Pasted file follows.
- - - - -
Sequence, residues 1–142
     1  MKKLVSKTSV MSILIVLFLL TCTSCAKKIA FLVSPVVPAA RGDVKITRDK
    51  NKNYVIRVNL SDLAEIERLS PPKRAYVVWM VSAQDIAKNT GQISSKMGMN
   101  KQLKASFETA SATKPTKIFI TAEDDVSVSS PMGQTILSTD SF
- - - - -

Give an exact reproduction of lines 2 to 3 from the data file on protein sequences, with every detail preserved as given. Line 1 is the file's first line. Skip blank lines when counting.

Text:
     1  MKKLVSKTSV MSILIVLFLL TCTSCAKKIA FLVSPVVPAA RGDVKITRDK
    51  NKNYVIRVNL SDLAEIERLS PPKRAYVVWM VSAQDIAKNT GQISSKMGMN